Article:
Sac State students weigh in on Greek life’s purpose

Allegations of hazing leads to questions of accountability

Jose Fabian

Anonymous allegations not only kicked off at least three investigations into Greek life at Sacramento State, but began a spring of scrutiny and self evaluation among students and organization members.

Sac State’s Delta Chi chapter was ordered to cease and desist all activity after recently being accused by an anonymous email sender of hazing pledges; once in 2015 and once in 2017, according to the emails.

A video from January 2018 of a Pi Kappa Alpha pledge vomiting also surfaced after it was emailed anonymously to The State Hornet by a separate sender, reopening an old investigation for one day.

RELATED: Sac State orders Delta Chi fraternity to ‘cease and desist all activity’

In response, Sac State’s Associated Students, Inc. President Noel Mora is establishing a Student Safety Committee which will act as an advisory group for student organizations. Mora said the committee will create a list of recommendations for a more caring campus.

“As a campus, we all need to do our part in making sure we have a caring culture that enables all of us to succeed,” Mora said. “It takes hard work and communication, but we’re one Hornet family at the end of the day.”

For some Sac State students, Greek life is part of what makes a caring campus.

“I got a massive support group out of nowhere which helped me get through life last year,” said Ricky Garcia, a finance major. “It’s a good way to get out there and get out of your own shell so that you can meet other people.”

Clint Gassaway, an economics major and Alpha Phi Omega member, said that as a community, Greek life can be helpful for those who are in need of support. Gassaway also said that there needs be reform and accountability in terms of how the organizations are run.

Garcia expressed concern for the Greek community, explaining that there is negative energy toward all the other organizations rather than being one unified Greek culture.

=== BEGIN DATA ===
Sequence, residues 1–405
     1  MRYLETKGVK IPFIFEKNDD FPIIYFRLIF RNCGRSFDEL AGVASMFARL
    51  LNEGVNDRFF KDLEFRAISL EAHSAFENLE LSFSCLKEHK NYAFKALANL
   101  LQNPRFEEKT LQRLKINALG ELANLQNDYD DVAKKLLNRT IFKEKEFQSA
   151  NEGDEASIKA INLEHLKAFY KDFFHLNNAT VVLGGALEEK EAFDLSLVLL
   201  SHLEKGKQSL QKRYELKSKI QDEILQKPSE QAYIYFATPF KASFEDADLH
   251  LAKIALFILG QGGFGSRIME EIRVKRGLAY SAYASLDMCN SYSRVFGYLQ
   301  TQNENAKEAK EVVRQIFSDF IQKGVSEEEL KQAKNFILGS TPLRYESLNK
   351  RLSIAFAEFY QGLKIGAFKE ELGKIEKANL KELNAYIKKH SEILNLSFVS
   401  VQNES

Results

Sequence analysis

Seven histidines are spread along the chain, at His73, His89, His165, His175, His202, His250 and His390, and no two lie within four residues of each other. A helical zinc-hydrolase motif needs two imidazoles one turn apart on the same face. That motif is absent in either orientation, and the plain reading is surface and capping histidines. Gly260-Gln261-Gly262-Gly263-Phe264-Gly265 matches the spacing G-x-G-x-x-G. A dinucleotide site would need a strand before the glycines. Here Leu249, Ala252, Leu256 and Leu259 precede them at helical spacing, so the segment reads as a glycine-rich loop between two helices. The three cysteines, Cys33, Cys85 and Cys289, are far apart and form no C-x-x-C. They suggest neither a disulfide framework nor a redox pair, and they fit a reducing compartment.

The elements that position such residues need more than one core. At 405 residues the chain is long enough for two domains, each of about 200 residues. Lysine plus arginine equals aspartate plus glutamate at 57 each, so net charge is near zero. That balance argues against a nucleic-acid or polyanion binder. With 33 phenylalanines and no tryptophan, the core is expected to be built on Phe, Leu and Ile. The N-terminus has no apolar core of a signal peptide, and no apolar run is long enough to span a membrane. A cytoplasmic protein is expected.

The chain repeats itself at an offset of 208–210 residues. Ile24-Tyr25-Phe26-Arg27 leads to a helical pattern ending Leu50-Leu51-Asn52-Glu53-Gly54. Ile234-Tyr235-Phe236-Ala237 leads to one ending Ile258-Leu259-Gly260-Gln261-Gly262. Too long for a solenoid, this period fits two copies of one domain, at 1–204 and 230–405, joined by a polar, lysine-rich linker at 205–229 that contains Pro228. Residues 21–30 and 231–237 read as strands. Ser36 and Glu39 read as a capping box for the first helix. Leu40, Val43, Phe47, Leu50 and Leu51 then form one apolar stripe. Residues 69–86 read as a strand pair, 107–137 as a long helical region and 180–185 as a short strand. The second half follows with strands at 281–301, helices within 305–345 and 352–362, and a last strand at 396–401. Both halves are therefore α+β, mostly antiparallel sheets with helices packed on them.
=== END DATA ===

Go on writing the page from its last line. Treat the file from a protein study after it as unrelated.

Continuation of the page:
“Personally, I get why people do it,” said Damon Perez, a communications major. “I know people might not have that many friends and just want to be part of something bigger than themselves.”

Bianca Bernales, a liberal studies major, said she views paying to go to events with friends as “pointless.”

“I mean, I don’t really care for it,” Bernales said. “How I see it is that you’re paying to have friends in a way. Like, having to pay to go to events, I don’t know. To me, it’s kinda pointless”

Seth Woster, a geography major, echoed Bernales.

“I’ve always thought of it as a pay-to-make-friends kind of thing,” said Woster.

Woster added that he thinks the media is partially responsible for some of the stereotypes surrounding Greek life.

“The hazing, binge drinking, the way they act, and the way they are portrayed, the negativity comes from what you see in the news,” said Woster.

Gloria Ramirez, a communications studies and disorders major is currently pledging Alpha Phi Omega, Kappa Sigma. Ramirez said Greek life is about having a group of friends to support you.

Kayla Knox, a pre-nursing student, said she thinks greek life can encourage clique behavior, especially at Sac State.

“I feel like Greek life here, there are a lot of stereotypes,” Knox said. “‘Oh, she’s in Alpha Phi. I already know how they are.’”

Aaron Jackson, Robert Moon, Robyn Dobson and Luis Platero contributed to this report.

RELATED: Sac State Pi Kappa Alpha chapter no longer under investigation